Apparently Americans are ever so fond of their lotteries. We evidently spend over $70 billion for the pleasure of throwing our money at what amounts to pieces of paper that signify nothing, which is more combined than we spend on sports tickets, books, video games, movies or music.
After all, who doesn’t love a gambler!
It’s a harmless enough diversion, so it seems. Spend a couple dollars here or there for the chance at millions- or, in the case of the most recent Powerball- over a billion.
It doesn’t take much knowledge of math to appreciate that the odds of winning are effectively zero. Adding insult to injury, recent rules have taken the odds of winning the “big prize” from 1 in 175 million to 1 in 292 million, while decreasing the odds of winning a pittance of any prize (say, $4) to 1 in 25. Further rubbing salt into the wound, there is no guarantee that any one will actually win this time; something around a 14% chance or so.
*UPDATE*: It looks like the winning numbers were sold. Joy.
Even at the lowest payout, Powerball is a losing proposition. If one takes into account that the true payout would be around $584-$394 million (depending on one’s state), then the expected return is actually under the cost of a Powerball ticket- between $1.79 and $1.35. And even if you spent enough money to buy every combination and thus guarantee a win (which would be practically and logistically impossible to do), after the government takes its hefty pound of flesh you would actually lose money at the current payout (especially if more than one person won).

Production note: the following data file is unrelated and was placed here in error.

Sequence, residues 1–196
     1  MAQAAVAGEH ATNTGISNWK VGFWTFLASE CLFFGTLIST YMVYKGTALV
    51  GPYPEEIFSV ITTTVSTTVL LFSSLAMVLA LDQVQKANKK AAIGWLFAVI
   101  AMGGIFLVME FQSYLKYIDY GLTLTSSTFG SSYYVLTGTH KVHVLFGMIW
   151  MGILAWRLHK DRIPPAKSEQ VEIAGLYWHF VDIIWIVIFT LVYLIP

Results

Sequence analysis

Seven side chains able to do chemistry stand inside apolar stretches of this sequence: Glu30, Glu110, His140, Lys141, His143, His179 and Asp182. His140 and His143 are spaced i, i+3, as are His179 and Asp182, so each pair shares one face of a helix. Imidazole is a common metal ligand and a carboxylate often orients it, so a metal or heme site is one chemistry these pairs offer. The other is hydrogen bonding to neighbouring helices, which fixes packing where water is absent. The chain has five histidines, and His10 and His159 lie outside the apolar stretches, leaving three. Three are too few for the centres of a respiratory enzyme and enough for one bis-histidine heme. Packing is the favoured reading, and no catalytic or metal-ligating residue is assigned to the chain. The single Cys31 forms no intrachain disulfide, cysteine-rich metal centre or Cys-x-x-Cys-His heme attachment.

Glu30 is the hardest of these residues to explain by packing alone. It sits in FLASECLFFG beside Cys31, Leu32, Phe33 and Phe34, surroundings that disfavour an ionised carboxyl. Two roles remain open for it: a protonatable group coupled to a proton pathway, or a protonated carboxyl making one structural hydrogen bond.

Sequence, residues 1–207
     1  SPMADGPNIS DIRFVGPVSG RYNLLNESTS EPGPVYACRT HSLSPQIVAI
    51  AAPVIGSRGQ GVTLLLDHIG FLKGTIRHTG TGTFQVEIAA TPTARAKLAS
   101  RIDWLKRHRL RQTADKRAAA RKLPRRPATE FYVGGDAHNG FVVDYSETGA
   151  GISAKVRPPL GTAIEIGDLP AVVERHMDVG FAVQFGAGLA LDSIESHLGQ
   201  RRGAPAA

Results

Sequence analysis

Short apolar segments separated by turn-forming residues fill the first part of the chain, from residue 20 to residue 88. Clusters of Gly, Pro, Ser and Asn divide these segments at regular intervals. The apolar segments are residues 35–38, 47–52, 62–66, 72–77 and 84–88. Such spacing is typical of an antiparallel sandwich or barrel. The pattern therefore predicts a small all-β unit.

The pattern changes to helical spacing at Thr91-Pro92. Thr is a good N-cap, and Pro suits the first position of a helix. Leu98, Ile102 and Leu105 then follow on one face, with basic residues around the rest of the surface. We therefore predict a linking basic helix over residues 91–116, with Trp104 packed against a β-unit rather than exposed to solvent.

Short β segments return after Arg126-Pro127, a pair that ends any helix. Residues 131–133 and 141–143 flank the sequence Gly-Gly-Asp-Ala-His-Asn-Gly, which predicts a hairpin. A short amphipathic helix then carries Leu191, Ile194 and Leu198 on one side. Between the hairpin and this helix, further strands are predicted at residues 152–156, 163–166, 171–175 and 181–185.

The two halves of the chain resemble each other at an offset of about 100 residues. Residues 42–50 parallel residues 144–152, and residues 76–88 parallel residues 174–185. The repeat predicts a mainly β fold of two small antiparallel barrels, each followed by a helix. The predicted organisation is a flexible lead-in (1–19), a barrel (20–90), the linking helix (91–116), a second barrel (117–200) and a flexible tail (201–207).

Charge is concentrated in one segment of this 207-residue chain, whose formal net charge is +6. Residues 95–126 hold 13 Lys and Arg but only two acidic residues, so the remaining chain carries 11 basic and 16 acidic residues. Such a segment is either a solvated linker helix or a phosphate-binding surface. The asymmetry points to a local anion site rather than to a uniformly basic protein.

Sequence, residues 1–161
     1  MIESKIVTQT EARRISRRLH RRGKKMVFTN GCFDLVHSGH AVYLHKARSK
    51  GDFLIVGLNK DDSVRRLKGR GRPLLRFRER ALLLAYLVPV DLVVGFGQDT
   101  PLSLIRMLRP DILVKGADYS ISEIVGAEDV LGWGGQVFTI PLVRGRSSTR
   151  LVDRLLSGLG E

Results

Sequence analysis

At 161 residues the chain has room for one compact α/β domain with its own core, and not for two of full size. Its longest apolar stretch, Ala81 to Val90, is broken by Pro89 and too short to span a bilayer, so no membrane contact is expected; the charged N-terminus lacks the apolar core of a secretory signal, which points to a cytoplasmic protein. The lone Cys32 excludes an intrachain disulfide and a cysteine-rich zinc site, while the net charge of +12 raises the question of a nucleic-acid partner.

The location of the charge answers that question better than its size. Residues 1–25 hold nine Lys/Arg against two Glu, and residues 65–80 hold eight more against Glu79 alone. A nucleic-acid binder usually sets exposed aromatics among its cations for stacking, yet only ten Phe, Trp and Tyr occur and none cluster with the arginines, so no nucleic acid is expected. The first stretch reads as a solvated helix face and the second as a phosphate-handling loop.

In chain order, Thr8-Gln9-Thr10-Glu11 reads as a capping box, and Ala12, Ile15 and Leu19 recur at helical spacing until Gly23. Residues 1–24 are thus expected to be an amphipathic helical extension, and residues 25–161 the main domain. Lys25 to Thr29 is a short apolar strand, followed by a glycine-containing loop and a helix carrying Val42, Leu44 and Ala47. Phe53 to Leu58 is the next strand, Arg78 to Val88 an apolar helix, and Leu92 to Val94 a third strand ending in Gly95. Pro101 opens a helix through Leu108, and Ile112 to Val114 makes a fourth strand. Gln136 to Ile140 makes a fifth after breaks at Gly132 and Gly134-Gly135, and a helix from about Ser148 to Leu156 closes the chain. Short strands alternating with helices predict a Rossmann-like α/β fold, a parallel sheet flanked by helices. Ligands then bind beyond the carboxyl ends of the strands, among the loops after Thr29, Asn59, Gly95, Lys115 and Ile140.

Of course, if no one wins, the layout will get bigger, which means more people will be enticed to play, which means more money will be spent on Powerball tickets. It’s almost like the house always wins or something…
Now, Powerball and its ilk can seem innocuous enough, but the sinister aspect of the lottery is that it is effectively a regressive tax on the poor. The reason for this is simple and twofold.
Firstly, given the “flat” cost of a Powerball ticket, the cost is higher or lower proportionate to the size of one’s income. If one makes $150,000 a year, blowing $900 on Powerball tickets is hardly a drop in the bucket. But if one’s income is under $20,000, that spending becomes far more significant.
Secondly, as far as spending on lotteries go, the poor and lower middle class make up the largest portion of spending on Powerball, et al. Thus, those who can least afford it end up spending a much a higher percentage of their income on lotteries and the like.
Of course, the lottery is not truly a tax in that it is not exactly coercive. However, it does actually represent a means of wealth transfer, and thus functions as a tax. It is regressive precisely because it disproportionately targets the poor and lower middle class. Studies have shown that households with less than $13,000 in yearly income end up spending 9% on average on lotteries.
Given that lotteries are almost exclusively governed and administrated by states, things like Powerball effectively become a way of raising revenue from those who can least afford it without having to pass unpopular new taxes. Schools are often the ostensible beneficiaries of this wealth transfer, but unfortunately many states end up using the lottery as a means to plug budget deficits; and since it is such an unruly source of revenue, the dream of striking it rich has to be constantly pushed and advertised. Jackpots must become bigger and bigger so as to sell more tickets, and all the while the worst off are the ones who end up footing the majority of the bill. The dark little secret, of course, is that states which use lottery funds in this manner (or sell the use of a lottery “because education!”) usually end up quietly decreasing education funding later on.